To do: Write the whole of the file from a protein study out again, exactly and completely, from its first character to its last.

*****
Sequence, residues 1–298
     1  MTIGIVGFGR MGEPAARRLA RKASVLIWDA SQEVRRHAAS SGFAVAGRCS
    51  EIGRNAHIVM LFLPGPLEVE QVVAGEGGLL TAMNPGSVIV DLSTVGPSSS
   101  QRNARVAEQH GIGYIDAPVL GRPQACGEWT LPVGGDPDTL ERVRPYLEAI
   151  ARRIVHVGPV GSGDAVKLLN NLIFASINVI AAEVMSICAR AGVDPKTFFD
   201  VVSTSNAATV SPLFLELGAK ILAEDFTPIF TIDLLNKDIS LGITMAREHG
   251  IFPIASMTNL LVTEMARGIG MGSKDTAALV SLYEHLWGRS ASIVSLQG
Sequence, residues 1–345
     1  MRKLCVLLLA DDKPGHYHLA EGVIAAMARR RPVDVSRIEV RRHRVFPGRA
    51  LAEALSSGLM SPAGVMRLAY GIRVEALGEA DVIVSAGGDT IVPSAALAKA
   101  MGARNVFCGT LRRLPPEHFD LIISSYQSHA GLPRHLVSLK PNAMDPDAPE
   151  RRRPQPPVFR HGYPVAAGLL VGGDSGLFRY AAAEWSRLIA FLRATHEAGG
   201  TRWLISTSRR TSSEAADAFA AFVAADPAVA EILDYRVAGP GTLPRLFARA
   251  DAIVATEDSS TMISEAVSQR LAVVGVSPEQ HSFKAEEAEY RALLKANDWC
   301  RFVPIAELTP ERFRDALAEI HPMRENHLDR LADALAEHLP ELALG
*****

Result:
Sequence, residues 1–298
     1  MTIGIVGFGR MGEPAARRLA RKASVLIWDA SQEVRRHAAS SGFAVAGRCS
    51  EIGRNAHIVM LFLPGPLEVE QVVAGEGGLL TAMNPGSVIV DLSTVGPSSS
   101  QRNARVAEQH GIGYIDAPVL GRPQACGEWT LPVGGDPDTL ERVRPYLEAI
   151  ARRIVHVGPV GSGDAVKLLN NLIFASINVI AAEVMSICAR AGVDPKTFFD
   201  VVSTSNAATV SPLFLELGAK ILAEDFTPIF TIDLLNKDIS LGITMAREHG
   251  IFPIASMTNL LVTEMARGIG MGSKDTAALV SLYEHLWGRS ASIVSLQG
Sequence, residues 1–345
     1  MRKLCVLLLA DDKPGHYHLA EGVIAAMARR RPVDVSRIEV RRHRVFPGRA
    51  LAEALSSGLM SPAGVMRLAY GIRVEALGEA DVIVSAGGDT IVPSAALAKA
   101  MGARNVFCGT LRRLPPEHFD LIISSYQSHA GLPRHLVSLK PNAMDPDAPE
   151  RRRPQPPVFR HGYPVAAGLL VGGDSGLFRY AAAEWSRLIA FLRATHEAGG
   201  TRWLISTSRR TSSEAADAFA AFVAADPAVA EILDYRVAGP GTLPRLFARA
   251  DAIVATEDSS TMISEAVSQR LAVVGVSPEQ HSFKAEEAEY RALLKANDWC
   301  RFVPIAELTP ERFRDALAEI HPMRENHLDR LADALAEHLP ELALG